As demand starts to pick back up, they are seeing guests from countries with higher vaccination rates, including the U.S. and parts of Europe that’s really driving the travel recovery. They are introducing features to the platform like flexible dates, which is really proving to be quite popular in this environment. Interestingly, the trend of long-term stays. They highlighted this in the first quarter, with stays of 28 days or longer. That remains one of the largest and strongest growing parts of the business. It seems like they’re benefiting from a number of different trends here given their brand awareness in the space, it feels like they’re setting themselves up for a pretty good run here.

Hill: eBay’s second quarter revenue was light, gross merchandise volume fell, and guidance for the third quarter was lower than expected. But despite all that, shares of eBay were up 10% this week. Ron, as a shareholder, I’m not complaining, I’m confused though.

Gross: The quarter was mixed and as you noted, revenue guidance was weak, revenue up 14%, but that GMV, that gross merchandise volume was down 7% as the company faced tough comps to last year’s really strong growth. On the conference call, management noted that they’re seeing positive GMV growth compared to pre-pandemic levels two years ago, which is always smart to compare it to pre-pandemic. The fact that they used the word positive and I didn’t really get into some details to me, I’m thinking that means slightly positive, maybe not that exciting. They did in the quarter with 159 million active buyers, that’s a decline of 2%. Flattish from a year earlier, they had weak operating margins, but they managed to report adjusted EPS, which was flat. eBay, they’re looking to generate more revenue from the advertising in the payments business in order to offset that slowing growth from the online marketplace. During the quarter, they processed 71% of online platform buying through their own managed payments. That’s an important part of their future. Under pressure from activist investors, they’re selling off non-core businesses. I like that a lot. They completed the sale of their classified business for $13 billion, and announced an agreement to sell 80% of eBay Korea for about $3 billion. I like that as well. Now revenue guidance, as you mentioned, was weak as vaccinations continue to roll out as people return to pre-pandemic habits. That’s just the nature of the game. But still understanding all that and looking back compared to two years, the quarter was relatively solid. The stock is not that expensive at 17 times, so there’s room for buyers to come in and cause some strength to the stock.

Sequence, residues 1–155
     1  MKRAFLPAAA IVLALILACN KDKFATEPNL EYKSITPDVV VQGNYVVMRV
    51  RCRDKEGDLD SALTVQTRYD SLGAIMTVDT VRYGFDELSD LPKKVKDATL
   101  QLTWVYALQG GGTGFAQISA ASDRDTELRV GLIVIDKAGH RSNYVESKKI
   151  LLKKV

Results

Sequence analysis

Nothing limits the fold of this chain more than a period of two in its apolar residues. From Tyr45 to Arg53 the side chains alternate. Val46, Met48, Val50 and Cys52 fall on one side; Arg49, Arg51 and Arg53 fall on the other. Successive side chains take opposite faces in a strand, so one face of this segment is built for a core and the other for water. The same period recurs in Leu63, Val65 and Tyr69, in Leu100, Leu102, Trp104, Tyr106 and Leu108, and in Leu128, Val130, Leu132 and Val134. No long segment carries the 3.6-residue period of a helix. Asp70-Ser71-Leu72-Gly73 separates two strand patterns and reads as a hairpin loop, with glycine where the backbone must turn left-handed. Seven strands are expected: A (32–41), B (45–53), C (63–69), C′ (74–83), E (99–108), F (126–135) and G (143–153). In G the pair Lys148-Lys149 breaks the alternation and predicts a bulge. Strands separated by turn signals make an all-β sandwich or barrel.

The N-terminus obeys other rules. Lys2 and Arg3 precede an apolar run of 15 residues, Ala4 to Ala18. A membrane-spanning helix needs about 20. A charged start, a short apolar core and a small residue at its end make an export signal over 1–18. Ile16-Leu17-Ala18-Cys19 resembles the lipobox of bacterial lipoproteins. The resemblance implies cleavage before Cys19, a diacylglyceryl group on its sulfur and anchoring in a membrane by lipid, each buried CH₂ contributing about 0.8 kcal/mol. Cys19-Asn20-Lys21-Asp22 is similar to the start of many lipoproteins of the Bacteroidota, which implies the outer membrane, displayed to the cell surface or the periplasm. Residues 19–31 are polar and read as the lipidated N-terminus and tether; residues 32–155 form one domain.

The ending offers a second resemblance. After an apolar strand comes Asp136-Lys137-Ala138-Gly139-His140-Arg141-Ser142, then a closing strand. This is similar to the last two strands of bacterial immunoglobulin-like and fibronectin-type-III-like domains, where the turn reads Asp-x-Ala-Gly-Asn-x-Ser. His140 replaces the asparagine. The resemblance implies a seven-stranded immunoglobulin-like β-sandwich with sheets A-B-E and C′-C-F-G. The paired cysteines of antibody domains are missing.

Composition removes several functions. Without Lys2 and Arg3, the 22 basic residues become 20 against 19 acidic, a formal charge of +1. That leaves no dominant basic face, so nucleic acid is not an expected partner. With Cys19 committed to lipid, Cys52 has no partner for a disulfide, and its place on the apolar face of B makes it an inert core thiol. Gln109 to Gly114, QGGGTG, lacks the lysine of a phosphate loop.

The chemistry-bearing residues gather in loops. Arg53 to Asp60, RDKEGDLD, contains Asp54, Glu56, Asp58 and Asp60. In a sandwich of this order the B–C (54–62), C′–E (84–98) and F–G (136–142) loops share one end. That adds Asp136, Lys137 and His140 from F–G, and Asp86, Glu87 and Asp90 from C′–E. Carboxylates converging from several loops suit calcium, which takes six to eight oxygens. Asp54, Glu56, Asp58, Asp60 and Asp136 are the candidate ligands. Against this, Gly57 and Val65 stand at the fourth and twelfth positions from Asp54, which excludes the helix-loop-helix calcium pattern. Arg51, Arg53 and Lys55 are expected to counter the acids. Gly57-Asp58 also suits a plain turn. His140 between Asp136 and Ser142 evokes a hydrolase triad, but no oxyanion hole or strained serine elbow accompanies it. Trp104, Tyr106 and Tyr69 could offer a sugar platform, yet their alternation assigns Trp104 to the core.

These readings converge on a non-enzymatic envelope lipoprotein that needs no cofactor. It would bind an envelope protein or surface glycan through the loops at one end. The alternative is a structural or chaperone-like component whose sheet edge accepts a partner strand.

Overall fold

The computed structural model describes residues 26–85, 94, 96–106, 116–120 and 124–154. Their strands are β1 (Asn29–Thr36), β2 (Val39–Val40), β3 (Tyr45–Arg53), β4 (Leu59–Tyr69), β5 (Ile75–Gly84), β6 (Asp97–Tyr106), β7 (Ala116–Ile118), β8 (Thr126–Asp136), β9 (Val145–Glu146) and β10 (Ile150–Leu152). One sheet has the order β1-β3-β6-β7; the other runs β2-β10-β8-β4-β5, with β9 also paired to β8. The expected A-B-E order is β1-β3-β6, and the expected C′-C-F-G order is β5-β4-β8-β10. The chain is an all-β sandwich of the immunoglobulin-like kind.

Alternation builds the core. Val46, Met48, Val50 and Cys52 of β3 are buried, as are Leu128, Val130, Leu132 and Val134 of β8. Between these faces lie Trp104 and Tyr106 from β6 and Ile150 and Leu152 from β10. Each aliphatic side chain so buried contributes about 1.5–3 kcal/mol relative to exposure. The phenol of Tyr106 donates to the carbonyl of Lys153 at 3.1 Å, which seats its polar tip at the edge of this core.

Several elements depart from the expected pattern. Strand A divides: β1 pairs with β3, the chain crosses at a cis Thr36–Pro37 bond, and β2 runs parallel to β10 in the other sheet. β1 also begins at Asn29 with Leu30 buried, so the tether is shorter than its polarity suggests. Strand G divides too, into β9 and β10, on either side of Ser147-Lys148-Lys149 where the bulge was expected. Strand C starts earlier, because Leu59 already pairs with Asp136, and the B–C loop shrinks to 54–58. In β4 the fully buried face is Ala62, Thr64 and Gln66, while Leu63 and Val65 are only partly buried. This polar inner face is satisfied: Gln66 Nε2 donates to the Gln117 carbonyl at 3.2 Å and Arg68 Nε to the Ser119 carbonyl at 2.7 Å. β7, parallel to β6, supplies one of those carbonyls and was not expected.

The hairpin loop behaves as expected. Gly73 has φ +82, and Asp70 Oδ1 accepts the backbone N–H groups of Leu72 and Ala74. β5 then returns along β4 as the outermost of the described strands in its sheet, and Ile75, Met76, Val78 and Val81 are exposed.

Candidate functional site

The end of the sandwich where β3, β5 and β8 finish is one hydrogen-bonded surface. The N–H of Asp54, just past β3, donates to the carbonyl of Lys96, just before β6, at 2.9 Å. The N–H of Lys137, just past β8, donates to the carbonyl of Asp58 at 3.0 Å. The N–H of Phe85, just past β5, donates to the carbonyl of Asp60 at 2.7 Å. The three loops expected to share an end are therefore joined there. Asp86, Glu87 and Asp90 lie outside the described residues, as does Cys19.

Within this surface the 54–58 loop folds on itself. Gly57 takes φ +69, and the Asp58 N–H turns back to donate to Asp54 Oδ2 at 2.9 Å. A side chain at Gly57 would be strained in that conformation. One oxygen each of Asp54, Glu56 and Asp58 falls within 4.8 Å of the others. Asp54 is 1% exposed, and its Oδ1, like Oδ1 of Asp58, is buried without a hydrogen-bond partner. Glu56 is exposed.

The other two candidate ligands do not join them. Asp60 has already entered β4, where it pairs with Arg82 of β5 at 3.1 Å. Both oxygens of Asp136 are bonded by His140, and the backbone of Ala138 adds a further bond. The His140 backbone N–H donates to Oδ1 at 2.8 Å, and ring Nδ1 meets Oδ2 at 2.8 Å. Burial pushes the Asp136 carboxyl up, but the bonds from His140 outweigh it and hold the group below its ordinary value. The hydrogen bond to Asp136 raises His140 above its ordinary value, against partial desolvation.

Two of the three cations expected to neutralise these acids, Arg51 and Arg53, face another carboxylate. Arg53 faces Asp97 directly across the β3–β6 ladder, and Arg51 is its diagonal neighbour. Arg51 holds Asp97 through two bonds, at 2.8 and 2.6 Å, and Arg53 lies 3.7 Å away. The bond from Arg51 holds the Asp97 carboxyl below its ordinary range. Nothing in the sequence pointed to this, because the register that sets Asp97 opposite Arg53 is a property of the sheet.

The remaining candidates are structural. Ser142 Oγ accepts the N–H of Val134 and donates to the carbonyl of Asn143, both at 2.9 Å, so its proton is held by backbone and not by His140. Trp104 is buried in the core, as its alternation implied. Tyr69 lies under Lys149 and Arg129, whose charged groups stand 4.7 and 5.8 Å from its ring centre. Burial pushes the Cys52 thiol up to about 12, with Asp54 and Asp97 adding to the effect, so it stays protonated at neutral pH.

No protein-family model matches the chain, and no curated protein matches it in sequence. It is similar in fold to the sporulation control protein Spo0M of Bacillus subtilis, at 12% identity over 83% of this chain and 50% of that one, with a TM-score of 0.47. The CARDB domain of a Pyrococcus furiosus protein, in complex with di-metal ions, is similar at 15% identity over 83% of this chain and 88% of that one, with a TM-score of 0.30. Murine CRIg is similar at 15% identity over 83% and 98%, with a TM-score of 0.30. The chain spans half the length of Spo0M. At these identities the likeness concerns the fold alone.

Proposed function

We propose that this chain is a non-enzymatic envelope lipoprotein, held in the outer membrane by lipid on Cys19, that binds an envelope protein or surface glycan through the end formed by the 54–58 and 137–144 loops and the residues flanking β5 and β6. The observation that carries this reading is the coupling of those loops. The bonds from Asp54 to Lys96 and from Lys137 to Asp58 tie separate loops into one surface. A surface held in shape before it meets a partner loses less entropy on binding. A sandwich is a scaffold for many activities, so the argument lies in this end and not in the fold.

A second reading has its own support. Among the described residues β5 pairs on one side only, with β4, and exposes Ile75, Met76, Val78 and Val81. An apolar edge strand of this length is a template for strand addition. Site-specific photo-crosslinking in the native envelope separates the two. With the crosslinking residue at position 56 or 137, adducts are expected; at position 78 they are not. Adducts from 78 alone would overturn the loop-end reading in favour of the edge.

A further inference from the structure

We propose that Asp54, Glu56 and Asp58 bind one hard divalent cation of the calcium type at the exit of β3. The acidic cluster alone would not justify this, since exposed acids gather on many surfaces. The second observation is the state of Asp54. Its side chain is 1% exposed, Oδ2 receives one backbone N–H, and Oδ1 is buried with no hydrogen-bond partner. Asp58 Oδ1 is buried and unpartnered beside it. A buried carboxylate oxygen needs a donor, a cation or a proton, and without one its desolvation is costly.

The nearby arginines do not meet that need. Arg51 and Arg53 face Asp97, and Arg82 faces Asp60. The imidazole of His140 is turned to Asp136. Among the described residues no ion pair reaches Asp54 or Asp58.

Hill: Shares of Unity Software up nearly 20% this week, after a second quarter report was highlighted by strong revenue. Jason, there were concerns that Apple’s new privacy changes were going to hurt Unity Software’s advertising platform, looks like they’re in pretty good shape.

Moser: Yeah. I think that’s just a very near-term headwind that shouldn’t really pose too much of an issue for Unity Software. Mainly that’s if you are a believer that the MedVerse is inevitable, and Chris, I am. I think the MedVerse it’s on the way. I don’t know that I’m going to really participate all that much in it, Chris, but I think it’s common. But do you think we’re headed toward a world of 3D and interactive content more than the norm? It feels like Unity is really a company that you need to own and that really bares out the numbers they’re presenting. Revenue for the quarter was up 48% from a year ago ahead of their guidance. That was the 11th consecutive quarter of 30% or greater revenue growth, which is really impressive, of course. The Create Solutions business, that’s the smaller part of the business revenue growth of 31% there, that’s one that’s based on subscriptions and contracts. The Operate Solutions, that was up 63%. That’s a revenue share and usage-based model, so clearly we’re seeing engagement headed in the right direction. I think 888 customers each generated more than $100,000 of revenue for the company over the past year compared to 716 large customers from a year ago, and the dollar-based net expansion rate of 142% over the same from a year ago. Again, they continue to do very good things to bring people in and keep them there. Making an effort to consolidate the space a little bit there, bringing in some little bolt-on acquisitions as time goes on not only to build out their capability, but it also really helps keep that flow of talent steady, which is really important in this line of work. All things considered, a very strong quarter for the business, one that I own, I’ve recommended it and continue to remain very optimistic about it.

Hill: Just in time for the start of the school year, good second quarter results from Chegg. The online education company’s profits and revenue came in higher than expected. Jason, Chegg also bumped up their full year guidance.